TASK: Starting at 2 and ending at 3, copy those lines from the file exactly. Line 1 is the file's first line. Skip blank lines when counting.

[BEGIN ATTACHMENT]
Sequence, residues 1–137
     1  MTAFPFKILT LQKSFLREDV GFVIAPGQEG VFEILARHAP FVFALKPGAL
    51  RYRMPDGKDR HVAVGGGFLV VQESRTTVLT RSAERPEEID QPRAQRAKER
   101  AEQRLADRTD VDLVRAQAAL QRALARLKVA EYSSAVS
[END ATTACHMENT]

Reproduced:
     1  MTAFPFKILT LQKSFLREDV GFVIAPGQEG VFEILARHAP FVFALKPGAL
    51  RYRMPDGKDR HVAVGGGFLV VQESRTTVLT RSAERPEEID QPRAQRAKER